1st Edition

Compression Meeting the Challenges of Sustainability Through Vigorous Learning Enterprises

By Robert W. Hall Copyright 2010
    268 Pages 30 B/W Illustrations
    by Productivity Press

    COMPRESSION: Meeting the Challenges of Sustainability Through Vigorous Learning Enterprises sounds a clarion that we cannot afford to ignore. Global crises are squeezing us from all directions. Mostly they have to do with not enough: not enough natural resources to maintain our standard of living, not enough carbon rich soil to grow crops enough to feed the world, not enough fresh clean water, nor air or ozone.

    A founding member of the Association for Manufacturing Excellence, Robert "Doc" Hall has dedicated much of his career to redefining business practices in ways that are feasible and transferable. For lasting change to occur, we need to provide stakeholders with access to new tools and new paradigms that eschew outdated learning methods. While the book does elucidate the problem, the main emphasis of its pages is on what leaders can do to change the mindset of stakeholders at all levels. Specifically, Hall shows how the Toyota model, the most successful and enduring manufacturing system ever implemented, can be applied and adapted to help identify roots of problems, eliminate waste, and create a new vision along with the path to realizing that vision.

    • We must rethink our perpetual devotion to old ideals such as continual growth and more are always better
    • We need to recognize that we are quickly reaching the point of critical mass where the inequities of society will force the have-nots to take matters into their own hands
    • We need to learn to learn more effectively, in terms of individuals, organizations, and processes
    • We must embrace the paradigm culture shift required to implement lasting constructive change that we can live by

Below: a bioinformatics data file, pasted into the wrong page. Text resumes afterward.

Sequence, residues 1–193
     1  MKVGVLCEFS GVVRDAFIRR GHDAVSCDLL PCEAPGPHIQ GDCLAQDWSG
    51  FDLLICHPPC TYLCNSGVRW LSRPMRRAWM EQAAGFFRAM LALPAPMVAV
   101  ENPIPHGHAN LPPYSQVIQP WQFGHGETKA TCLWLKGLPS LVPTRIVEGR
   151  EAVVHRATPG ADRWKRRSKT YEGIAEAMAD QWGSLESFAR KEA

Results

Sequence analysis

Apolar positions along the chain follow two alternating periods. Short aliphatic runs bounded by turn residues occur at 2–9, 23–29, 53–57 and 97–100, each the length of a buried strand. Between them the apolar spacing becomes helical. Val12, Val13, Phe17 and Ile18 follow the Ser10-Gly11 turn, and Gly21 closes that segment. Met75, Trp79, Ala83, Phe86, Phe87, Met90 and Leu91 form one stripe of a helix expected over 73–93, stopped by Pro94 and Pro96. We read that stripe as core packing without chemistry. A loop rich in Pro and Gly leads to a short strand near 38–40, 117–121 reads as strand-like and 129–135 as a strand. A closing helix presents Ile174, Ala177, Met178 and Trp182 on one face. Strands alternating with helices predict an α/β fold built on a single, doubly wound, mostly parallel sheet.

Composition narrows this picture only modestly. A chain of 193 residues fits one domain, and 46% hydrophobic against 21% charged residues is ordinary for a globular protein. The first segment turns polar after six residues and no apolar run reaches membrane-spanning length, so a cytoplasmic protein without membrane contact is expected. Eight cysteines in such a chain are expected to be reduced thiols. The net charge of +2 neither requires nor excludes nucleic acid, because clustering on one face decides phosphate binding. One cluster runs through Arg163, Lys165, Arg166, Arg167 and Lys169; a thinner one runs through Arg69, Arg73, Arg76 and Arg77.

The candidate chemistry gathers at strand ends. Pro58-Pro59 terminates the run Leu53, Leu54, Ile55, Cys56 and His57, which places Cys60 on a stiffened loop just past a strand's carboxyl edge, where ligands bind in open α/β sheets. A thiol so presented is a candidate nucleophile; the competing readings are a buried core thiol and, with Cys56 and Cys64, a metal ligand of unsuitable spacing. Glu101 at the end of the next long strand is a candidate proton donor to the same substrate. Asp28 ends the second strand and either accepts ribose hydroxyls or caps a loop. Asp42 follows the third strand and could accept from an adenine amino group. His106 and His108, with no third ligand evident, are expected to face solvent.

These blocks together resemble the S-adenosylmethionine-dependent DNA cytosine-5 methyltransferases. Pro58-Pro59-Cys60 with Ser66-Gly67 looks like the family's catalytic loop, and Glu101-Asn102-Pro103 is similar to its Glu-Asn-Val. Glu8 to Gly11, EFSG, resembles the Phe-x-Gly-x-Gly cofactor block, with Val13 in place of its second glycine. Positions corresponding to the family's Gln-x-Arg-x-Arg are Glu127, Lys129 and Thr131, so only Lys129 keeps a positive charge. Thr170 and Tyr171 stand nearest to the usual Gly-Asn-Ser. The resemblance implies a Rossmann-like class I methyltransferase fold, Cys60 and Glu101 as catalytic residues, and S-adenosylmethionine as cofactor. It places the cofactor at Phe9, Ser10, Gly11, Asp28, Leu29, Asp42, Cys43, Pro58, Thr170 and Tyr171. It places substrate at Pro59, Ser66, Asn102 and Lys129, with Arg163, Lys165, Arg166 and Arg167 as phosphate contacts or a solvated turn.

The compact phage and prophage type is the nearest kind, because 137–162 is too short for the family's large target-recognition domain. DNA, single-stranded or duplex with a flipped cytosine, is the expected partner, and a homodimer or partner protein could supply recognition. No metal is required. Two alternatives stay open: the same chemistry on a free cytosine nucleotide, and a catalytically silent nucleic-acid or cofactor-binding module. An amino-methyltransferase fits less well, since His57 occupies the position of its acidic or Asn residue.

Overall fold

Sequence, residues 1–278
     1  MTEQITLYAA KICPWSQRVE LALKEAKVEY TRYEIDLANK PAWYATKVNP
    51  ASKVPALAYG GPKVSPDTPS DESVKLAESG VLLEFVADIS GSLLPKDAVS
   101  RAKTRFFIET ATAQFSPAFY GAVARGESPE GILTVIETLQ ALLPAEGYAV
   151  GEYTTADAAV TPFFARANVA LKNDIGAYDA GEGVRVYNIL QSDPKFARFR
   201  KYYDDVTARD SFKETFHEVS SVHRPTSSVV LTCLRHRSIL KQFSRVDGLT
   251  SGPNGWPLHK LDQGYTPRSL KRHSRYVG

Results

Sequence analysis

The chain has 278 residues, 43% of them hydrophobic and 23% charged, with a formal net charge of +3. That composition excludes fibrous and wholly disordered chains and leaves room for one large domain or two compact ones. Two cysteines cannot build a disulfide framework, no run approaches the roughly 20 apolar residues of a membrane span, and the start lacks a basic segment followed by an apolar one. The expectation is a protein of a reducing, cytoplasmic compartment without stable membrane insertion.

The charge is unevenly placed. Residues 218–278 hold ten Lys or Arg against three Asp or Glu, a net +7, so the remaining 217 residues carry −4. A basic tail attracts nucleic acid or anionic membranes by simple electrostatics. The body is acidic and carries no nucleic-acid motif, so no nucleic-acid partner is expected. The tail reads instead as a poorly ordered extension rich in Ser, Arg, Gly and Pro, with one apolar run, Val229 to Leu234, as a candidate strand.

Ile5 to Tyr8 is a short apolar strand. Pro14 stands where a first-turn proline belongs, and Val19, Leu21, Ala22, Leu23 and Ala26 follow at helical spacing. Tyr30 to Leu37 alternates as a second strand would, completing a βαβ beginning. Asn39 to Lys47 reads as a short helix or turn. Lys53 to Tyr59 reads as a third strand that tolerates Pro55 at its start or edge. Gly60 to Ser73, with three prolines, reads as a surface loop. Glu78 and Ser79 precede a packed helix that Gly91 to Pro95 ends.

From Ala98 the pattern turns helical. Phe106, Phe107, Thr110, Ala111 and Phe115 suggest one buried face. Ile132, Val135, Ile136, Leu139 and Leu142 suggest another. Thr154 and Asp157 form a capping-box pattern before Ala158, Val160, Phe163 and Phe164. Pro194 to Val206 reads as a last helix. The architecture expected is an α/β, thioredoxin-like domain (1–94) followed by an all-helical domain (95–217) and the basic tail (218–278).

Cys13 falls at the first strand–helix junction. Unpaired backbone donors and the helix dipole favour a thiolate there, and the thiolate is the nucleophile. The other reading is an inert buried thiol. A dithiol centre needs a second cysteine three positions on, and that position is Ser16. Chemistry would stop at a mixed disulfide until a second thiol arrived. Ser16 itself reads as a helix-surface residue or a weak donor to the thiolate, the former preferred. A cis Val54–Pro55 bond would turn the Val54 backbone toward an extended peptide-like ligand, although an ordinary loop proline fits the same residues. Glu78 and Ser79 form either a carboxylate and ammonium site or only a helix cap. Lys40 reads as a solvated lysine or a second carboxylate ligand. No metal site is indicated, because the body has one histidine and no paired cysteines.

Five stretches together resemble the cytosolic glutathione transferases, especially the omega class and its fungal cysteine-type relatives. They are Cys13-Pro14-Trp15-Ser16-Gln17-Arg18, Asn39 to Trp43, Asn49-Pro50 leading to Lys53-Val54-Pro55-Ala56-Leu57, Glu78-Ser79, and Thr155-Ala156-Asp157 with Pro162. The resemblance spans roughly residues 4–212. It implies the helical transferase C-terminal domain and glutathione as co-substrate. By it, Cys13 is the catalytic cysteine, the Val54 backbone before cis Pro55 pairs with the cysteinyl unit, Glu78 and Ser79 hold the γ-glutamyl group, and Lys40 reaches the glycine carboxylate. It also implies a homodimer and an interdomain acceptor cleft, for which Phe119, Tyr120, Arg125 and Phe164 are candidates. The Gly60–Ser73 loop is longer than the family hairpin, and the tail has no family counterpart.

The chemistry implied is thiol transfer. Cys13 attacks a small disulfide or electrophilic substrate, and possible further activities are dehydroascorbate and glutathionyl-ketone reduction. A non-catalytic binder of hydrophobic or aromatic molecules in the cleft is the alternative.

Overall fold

To implement the sort of changes that will allow civilization to prevail rather than merely endure requires a resourcefulness and ingenuity beyond any the world has ever employed. In this volume, Doc Hall shows us how to learn to learn more effectively both as individuals and organizations, and in terms of processes. He invites us to rethink our perpetual devotion to old ideals and welcome the shift in thinking that must be our first and immediate step.

    Stay current and become active in helping to Meet the Challenges of Sustainability Through Vigorous Learning Enterprises. You will find action steps and discussion at compression.org


    Chapter 1 Understanding the Challenges of Compression

    Challenge #1: Resource Shortages

    Fossil Energy

    Fresh Water

    Challenge #2: A Precarious Environment


    Freon and the Ozone Hole

    Oceanic Plankton

    Challenge #3: Excessive Consumption

    Challenge #4: Pushback from the Have-Nots

    Challenge #5: Self-Learning Work Organizations

    Meeting the Challenges

    Vigorous Learning Organizations

    Health Care as an Example

    Rethinking Expansionary Assumptions

    Taking on the Challenges of Compression Endnotes

    Chapter 2 Learning from Toyota

    The Toyota Way

    The Toyota Production System

    TPS Techniques

    Objective of TPS: Eliminate Waste

    Creating a TPS Learning System

    The Role of Standard Work in Kaizen

    The Seedbed: An Economic Microcosm

    Ohno’s Method

    Toyota’s Supplier Association

    The Toyota Product Development System

    Expert Engineering Workforce

    Responsibility-Based System

    Set-Based Engineering

    The Chief Engineer

    Ethnic Culture and The Toyota Way

    Lean Manufacturing

    Learning and Work Culture

    Lessons from Toyota Today Endnotes

    Chapter 3 Learning to Learn

    Improving Your Learning Processes

    Part 1: Individual Learning

    Neural Learning Mechanisms

    “Natural” Learning

    The Limits of Rationality

    Integrative Learning

    Absolutism and Denial

    Part 2: Compression of Process Learning

    A Broader Definition of Waste

    Big-Step Innovative Learning

    The Implications of Learning Curves

    Compression and Increasing Complexity

    Energy, Information, and Process Learning

    A Tree Doesn’t Grow to the Moon

    Scientific Learning

    Self-Similar Scientific Process Learning at Work

    Broadening Your View of Waste

    Mapping Your Opportunities

    Life-Cycle Analysis